May 24, 2024

Ferrum College : Iron Blade Online

Complete Canadian News World

Samsung faked zooming in on the moon

Samsung faked zooming in on the moon

For many years, phones with “Space Zoom” capabilities from Samsung have been known to be able to Take incredibly detailed pictures of the moon. But the last post on Reddit Show in stark terms Just the amount of computational processing the company does, and — given the evidence presented — it looks like we should go ahead and say it: Samsung’s moon photos are fake.

But what exactly does “fake” mean in this scenario? It’s a difficult question to answer, and one that will become increasingly important and complex as computational techniques are integrated more into the photographic process. We can say with certainty that our understanding of what makes the image forged It will change soon, just as it did in the past to accommodate digital cameras, Photoshop filters, Instagram and more. But for now, let’s stick to Samsung’s case and the moon.

Samsung phones tested by Reddit user u/ibreakphotos He was brilliant in his simplicity. They intentionally created a blurry image of the moon, displayed it on a computer monitor, and Then I shot this photo with my Samsung S23 Ultra. As you can see below, the first image appeared on the screen No details at all, but the resulting image showed a crisp, clear “image” of the Moon. The S23 Ultra added details that weren’t there before. There was no upgrading of the faded pixels and no recovery of seemingly lost data. There was just a new moon – a false moon.

Here is the faint image of the moon that was used:

GIF of the photo capture process:

And the resulting “image”:

This is not a new controversy. People have been asking questions about Samsung’s moon photography ever since the company unveiled a 100x “Space Zoom” feature on its S20 Ultra in 2020. Some have accused the company of simply copying and pasting high-quality textures onto images of the moon to produce its images, but Samsung says the process More complicated than that.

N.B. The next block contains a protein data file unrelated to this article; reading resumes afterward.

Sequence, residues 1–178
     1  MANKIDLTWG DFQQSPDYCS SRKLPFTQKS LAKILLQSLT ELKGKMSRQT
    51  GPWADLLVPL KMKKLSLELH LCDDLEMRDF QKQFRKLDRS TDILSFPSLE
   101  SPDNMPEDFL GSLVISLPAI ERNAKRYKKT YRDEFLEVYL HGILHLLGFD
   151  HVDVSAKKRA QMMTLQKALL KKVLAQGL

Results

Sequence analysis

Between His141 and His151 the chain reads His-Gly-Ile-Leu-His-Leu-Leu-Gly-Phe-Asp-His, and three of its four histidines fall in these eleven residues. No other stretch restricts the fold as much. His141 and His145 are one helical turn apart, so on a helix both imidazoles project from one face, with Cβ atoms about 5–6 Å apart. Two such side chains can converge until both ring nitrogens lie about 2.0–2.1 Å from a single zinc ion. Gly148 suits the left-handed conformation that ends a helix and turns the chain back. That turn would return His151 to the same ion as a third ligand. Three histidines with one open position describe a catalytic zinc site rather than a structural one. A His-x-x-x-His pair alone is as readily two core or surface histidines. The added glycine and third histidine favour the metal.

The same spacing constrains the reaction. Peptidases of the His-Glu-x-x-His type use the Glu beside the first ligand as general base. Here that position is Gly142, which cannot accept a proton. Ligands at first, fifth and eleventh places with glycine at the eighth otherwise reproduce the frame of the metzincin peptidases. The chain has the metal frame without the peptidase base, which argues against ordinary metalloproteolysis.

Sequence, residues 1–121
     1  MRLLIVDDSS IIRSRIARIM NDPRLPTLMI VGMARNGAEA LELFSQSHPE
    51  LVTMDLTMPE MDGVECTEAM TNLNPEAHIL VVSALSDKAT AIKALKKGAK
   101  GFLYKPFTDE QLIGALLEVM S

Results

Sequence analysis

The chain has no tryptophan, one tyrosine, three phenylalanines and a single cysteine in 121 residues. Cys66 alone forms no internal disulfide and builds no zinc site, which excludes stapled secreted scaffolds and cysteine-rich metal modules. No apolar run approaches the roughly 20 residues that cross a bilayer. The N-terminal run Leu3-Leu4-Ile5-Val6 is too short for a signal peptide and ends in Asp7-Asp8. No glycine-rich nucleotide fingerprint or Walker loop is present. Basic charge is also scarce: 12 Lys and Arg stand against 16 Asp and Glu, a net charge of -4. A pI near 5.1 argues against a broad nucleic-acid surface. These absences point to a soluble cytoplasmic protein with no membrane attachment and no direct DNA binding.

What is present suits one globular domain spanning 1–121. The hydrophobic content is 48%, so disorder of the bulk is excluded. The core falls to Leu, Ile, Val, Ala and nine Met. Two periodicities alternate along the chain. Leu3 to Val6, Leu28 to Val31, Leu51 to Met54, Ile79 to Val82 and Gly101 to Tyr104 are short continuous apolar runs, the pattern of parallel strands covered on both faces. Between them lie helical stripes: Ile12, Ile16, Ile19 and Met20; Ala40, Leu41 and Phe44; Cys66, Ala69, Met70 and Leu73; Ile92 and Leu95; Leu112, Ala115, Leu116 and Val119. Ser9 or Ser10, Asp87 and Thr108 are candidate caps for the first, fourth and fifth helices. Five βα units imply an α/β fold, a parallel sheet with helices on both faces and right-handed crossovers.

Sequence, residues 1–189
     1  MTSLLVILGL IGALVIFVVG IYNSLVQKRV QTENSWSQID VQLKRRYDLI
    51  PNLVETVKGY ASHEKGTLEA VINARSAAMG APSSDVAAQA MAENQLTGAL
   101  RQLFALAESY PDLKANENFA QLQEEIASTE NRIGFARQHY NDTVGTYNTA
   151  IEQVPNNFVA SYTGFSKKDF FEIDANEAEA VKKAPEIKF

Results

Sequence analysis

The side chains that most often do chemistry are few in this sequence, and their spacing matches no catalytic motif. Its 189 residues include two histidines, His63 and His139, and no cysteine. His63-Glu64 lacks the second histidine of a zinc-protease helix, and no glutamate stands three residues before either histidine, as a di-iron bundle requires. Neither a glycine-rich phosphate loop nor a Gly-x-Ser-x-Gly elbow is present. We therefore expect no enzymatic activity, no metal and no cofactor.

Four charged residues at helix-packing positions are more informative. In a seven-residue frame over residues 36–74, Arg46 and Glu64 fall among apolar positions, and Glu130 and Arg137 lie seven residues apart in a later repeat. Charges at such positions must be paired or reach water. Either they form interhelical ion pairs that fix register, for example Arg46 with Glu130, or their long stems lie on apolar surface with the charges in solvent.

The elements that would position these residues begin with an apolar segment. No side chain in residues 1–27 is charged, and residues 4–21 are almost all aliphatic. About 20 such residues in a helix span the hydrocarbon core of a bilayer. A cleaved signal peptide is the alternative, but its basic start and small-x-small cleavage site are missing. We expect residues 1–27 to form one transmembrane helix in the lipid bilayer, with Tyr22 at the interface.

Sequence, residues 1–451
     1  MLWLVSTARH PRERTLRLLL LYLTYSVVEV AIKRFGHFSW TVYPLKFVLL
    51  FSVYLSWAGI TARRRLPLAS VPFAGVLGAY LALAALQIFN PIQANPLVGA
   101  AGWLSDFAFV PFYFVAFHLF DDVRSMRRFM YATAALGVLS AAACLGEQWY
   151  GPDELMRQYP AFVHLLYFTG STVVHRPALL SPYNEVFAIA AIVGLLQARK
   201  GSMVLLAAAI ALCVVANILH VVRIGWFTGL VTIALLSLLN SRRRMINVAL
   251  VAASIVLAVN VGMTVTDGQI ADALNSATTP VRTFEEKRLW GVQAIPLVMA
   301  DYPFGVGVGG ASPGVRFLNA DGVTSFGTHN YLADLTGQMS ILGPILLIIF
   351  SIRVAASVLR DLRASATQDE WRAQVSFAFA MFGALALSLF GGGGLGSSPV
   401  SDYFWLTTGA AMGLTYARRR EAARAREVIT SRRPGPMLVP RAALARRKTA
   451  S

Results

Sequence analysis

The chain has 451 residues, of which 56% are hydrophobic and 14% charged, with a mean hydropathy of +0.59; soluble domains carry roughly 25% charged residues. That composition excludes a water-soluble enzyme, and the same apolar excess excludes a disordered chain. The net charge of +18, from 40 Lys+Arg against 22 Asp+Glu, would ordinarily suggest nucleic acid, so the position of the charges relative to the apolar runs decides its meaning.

See also  Samsung just lost the Android 13 update race to OnePlus

in 2021, Introducing the mag published Extended feature on “fake detailed moon photos” taken by Galaxy S21 Ultra. Samsung told the publication that “no image overlay or texture effects are applied when taking a photo” but the company uses artificial intelligence to detect the presence of the moon and “then offers the functionality to improve detail by reducing blur and noise.”

The company later provided more information on the matter blog post (Translated from Korean by Google). But the core of the explanation—describe the vital step that takes us from a hazy moon image to a sharp moon—is dealt with in vague terms. Samsung simply says that it uses a “detail optimization engine function” to “Effective way Remove noise and maximize moon detail to complete a bright, clear picture of the moon” (emphasis added). What does that mean? We simply don’t know.

The “detail optimization engine function” is to blame.

A generous explanation is that Samsung’s process captures blurry details in the original photo and then upscales them using AI. This is an established technology that has its problems (see: Xerox copiers change numbers when upscaling the blurry originals), and I don’t think that would make the resulting image fake. But as Reddit’s tests show, Samsung’s process is more intrusive than this: It doesn’t just improve the sharpness of blurry details — it Creates they. At this point, I think most people would agree that the resulting photo is fake, for better or for worse.